Honeysuckle question

Discussion in 'Deer Management, Habitat & Conservation' started by Ozarks-Bowhunter, Dec 28, 2009.

  1. Ozarks-Bowhunter

    Ozarks-Bowhunter Active Member

    Jan 28, 2006
    Southern Missouri
    There is some honeysuckle growing down the road from me that has been there for at least 25 years.
    I'm wondering what type it might be and if it would be ok to transplant some. I stopped and looked at it today and the deer are really browsing it hard.
    I geuss i'm thinking that it is native and would be ok to put some on my place but i sure dont know anything about the stuff.
     
  2. HabitatMD

    HabitatMD New Member

    Jan 4, 2007
    St. Louis, Mo
    Is it a vine?

    I'd be real cautious about transplanting some. I'd guess it to be Japanese Honeysuckle. Yep deer browse it, but I wouldn't plant it my my place. Probably not native. Again, I'm just guessing though.
     

  3. Ozarks-Bowhunter

    Ozarks-Bowhunter Active Member

    Jan 28, 2006
    Southern Missouri
    Ya it's a vine type. I dont know why i couldn't remember that it was probably Japanese Honeysuckle. I'm having the state forester out so i suppose i could run it by him and see what he has to say. It has been in this one spot for as long as i can remember and hasn't spread too much it appears. I havn't seen it anywhere else close to us at all.
     
  4. pinwheel

    pinwheel Jenny's Lackey

    Jun 17, 2006
    middle of nowhere
    I'd sure want to identify it as native before I transplanted it into my place. Getting invasives back under control after they've spread can me a nightmare.
     
  5. letemgrow

    letemgrow Active Member

    Could it be Yellowhoneysuckle?? That is a native vine..if it is japanese, I would kill it now. Here is a pic of the native yellowhoneysuckle I put on my farm.

    [file]86971[/file]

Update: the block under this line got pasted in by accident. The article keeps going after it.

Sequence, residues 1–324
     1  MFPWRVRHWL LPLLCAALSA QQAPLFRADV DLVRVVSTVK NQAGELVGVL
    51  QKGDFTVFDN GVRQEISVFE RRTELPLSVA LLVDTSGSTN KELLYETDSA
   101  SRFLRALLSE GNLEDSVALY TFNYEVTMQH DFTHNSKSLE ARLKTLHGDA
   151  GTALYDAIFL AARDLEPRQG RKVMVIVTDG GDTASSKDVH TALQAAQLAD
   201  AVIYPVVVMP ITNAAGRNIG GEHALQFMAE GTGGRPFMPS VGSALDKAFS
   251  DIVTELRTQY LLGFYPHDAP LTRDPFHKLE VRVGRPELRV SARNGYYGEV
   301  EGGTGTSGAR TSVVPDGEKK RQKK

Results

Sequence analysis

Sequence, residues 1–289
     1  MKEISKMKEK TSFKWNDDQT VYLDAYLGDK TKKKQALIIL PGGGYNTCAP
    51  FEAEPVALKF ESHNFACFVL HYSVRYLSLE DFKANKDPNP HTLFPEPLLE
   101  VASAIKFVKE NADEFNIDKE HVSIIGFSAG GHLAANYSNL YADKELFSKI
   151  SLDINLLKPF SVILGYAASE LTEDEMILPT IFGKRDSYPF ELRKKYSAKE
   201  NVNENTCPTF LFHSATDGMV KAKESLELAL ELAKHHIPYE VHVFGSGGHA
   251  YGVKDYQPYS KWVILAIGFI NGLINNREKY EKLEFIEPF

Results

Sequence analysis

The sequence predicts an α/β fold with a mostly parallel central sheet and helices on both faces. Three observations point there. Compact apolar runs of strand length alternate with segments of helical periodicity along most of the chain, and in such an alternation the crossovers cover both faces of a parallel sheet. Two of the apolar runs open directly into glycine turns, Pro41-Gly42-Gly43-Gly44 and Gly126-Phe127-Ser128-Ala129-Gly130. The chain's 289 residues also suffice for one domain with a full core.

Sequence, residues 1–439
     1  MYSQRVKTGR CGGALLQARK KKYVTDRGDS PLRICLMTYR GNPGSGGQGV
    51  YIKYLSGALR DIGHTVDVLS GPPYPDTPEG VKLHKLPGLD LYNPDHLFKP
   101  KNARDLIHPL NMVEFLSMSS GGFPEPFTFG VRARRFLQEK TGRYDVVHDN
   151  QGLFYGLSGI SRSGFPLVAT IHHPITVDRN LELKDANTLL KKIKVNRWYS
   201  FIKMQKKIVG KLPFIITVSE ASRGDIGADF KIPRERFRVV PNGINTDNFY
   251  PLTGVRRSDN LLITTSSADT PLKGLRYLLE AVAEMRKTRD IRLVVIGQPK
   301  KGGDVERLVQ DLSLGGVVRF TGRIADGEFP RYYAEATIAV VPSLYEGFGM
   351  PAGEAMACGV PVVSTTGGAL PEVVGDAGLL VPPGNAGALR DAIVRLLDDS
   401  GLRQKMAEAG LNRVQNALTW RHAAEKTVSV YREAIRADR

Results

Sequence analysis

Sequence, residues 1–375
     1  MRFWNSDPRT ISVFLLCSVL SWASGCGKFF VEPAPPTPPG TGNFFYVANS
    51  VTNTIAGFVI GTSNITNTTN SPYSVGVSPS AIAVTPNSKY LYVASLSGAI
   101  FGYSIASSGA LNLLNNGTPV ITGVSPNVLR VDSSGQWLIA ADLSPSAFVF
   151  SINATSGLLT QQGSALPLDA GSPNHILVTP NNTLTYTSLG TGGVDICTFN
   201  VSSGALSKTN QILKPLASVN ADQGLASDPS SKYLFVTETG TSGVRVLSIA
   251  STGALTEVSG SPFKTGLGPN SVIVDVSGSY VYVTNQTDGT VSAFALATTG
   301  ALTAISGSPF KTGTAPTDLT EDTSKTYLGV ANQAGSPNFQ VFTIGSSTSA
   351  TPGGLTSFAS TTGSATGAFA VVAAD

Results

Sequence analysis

6. letemgrow

    letemgrow Active Member

    Here are some pics of the Japanese Honeysuckle. The leaves are not as rounded as on the native one. If it is the native one you have, I would like some seeds. :D


    [file]86973[/file]


    [file]86974[/file]
     
  7. letemgrow

    letemgrow Active Member

    Also the Japanese Honeysuckle has a black berry that is 6 mm in diamater. The native Yellow Honeysuckle has red berries,
     
  8. citybowhunter

    citybowhunter Senior Member

    Feb 13, 2009
    Independence Mo.
    i was going to ask the difference. i guess i've got native. sure are pretty when the berries are on them. the birds have been hitting them hard. i guess it's time to keep an eye out for the black berried ones. :cheers:
     
  9. HabitatMD

    HabitatMD New Member

    Jan 4, 2007
    St. Louis, Mo
    I've never seen the native honeysuckle. I'm not really sure how common it is.

    Or maybe I just stink at ID'ing it. :whiteflag:
     
  10. citybowhunter

    citybowhunter Senior Member

    Feb 13, 2009
    Independence Mo.
    [rquote=1528379&tid=106528&author=HabitatMD]I've never seen the native honeysuckle. I'm not really sure how common it is.

    Or maybe I just stink at ID'ing it. :whiteflag:[/rquote]

    i'll see if i can get a picture and see if you guys can id it.
     
  11. letemgrow

    letemgrow Active Member

    I would make sure it is a native, I belive the native is pretty slow growing, or at least it was for me. Here is some info on the native one. I believe that there are some other honeysuckles that have red berries so be careful...bush honeysuckle for sure does.

    "Native Yellow Honeysuckle, is a desirable landscape vine native to the US and should not be confused with the invasive alien Japanese Honeysuckle. Native Yellow Honeysuckle vines are very showy with unusual foliage, bright yellow flowers that turn reddish as they age, and attractive clusters of red fruits in the Fall. This plant grows up to 10-20' feet tall with opposite, sessile, ovate leaves. Shiny clusters of bright orange red fruit in the fall give an additional reason to grow native Yellow Honeysuckle.